Long Term Care Insurance Prices and Women
- gender-based pricing on horizon
December 30, 2012 — Major insurance carriers may increase long term care insurance prices for women in 2013 by 20-40%. Insurers have long known that women are more likely to use their coverage than men. Women live longer than men and are often left alone to fend for themselves with no means of free support from family caregivers. It is estimated that roughly two-thirds of long term care claims are made by women. Approximately $7 billion in benefits was paid out in 2012 and the number of claims grows each year, in part because of the aging baby-boomer population.
Pricing for other types of insurance is frequently gender-based, but long term care insurance prices have traditionally been unisex. However, according to the Wall Street Journal article Women Face Higher Costs1, Genworth Financial, the largest U.S. long term care insurance provider plans to increase LTC insurance pricing for women sometime in 2013. Genworth has already filed with regulators to raise insurance prices for single women, except in two states, Montana and Colorado, which require unisex pricing. Other insurers may follow Genworth's lead.
LTC Prices May Increase But Marital Discounts are Still Available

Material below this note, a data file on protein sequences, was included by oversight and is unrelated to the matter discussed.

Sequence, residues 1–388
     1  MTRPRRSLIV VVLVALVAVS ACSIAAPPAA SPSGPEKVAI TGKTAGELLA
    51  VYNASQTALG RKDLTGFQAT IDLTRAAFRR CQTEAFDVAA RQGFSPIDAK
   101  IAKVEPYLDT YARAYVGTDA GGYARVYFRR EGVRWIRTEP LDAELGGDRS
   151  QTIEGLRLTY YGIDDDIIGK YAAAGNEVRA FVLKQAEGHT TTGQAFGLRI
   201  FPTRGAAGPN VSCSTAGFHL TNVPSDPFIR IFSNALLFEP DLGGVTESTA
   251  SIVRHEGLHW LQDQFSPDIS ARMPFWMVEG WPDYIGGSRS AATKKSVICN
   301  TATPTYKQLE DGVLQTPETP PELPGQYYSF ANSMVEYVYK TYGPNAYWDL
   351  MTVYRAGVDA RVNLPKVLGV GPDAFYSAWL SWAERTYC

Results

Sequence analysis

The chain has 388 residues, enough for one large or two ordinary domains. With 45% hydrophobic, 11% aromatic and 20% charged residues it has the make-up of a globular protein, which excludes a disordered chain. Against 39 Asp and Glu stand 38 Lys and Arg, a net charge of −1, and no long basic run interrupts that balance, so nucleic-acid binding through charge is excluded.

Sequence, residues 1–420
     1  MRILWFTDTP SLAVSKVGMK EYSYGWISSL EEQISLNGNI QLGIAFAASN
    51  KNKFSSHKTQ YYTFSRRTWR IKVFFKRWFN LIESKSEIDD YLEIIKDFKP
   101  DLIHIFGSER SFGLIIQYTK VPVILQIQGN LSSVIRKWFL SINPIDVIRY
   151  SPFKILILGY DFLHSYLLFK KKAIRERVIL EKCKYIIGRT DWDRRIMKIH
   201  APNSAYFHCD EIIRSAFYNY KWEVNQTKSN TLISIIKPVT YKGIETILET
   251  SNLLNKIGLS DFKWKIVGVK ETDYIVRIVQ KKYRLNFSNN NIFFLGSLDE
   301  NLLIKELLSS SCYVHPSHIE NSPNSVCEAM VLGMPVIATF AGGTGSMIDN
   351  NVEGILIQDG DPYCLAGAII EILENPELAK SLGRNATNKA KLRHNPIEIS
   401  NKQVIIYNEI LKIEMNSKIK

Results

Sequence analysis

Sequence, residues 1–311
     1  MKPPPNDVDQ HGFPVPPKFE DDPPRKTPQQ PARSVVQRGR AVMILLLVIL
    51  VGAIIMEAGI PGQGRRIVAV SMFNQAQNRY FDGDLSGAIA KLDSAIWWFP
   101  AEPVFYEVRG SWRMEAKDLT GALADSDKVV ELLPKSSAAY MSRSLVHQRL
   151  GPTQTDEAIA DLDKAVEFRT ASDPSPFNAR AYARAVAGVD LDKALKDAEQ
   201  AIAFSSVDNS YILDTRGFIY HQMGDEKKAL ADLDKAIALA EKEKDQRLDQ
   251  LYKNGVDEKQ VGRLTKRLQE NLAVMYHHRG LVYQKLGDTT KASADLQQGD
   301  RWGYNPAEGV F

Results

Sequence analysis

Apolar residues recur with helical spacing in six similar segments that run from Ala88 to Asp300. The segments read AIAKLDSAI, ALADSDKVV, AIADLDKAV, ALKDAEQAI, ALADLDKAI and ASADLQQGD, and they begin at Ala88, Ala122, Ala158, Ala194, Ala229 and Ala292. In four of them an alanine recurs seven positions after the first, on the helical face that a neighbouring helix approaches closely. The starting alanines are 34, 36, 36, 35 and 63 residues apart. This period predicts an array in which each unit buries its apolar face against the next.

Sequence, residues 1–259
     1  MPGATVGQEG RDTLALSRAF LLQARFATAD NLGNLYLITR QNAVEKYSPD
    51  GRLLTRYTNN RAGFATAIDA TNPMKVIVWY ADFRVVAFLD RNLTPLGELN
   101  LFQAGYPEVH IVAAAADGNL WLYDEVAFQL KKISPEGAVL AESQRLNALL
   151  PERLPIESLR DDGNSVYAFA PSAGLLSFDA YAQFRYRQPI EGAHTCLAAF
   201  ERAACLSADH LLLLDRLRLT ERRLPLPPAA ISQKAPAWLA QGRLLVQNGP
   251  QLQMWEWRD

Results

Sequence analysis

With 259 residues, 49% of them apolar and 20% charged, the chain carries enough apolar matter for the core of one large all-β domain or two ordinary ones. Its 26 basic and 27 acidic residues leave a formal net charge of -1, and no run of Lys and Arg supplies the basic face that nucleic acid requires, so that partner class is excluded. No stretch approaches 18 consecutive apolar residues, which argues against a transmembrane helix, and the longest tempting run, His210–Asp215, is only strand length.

Married couples applying for long term care insurance together would still receive discount pricing, a blended rate, but a married woman applying alone and single women would pay the new, higher, gender-based price. Same-sex couples, couples going through a divorce that is not yet final (and so are still legally married), and unmarried domestic partners may still quality for the blended marital discount.
Apply Before the Price Increase to Save Significantly
Women who are 55 or older would be wise to consider long term care insurance prior to the price increase, taking advantage of current unisex pricing. Nearly 70% of Americans will require long term care at some time in their lives; and about two-thirds of benefits are received for claims made by women. Women who purchase a long term care insurance policy now, rather than after the price increase, could enjoy significant savings in premiums. Get a free long term care insurance quote.
1.Greene, Kelly (November 24, 2012)
"Women Face Higher Costs", Wall Street Journal Online
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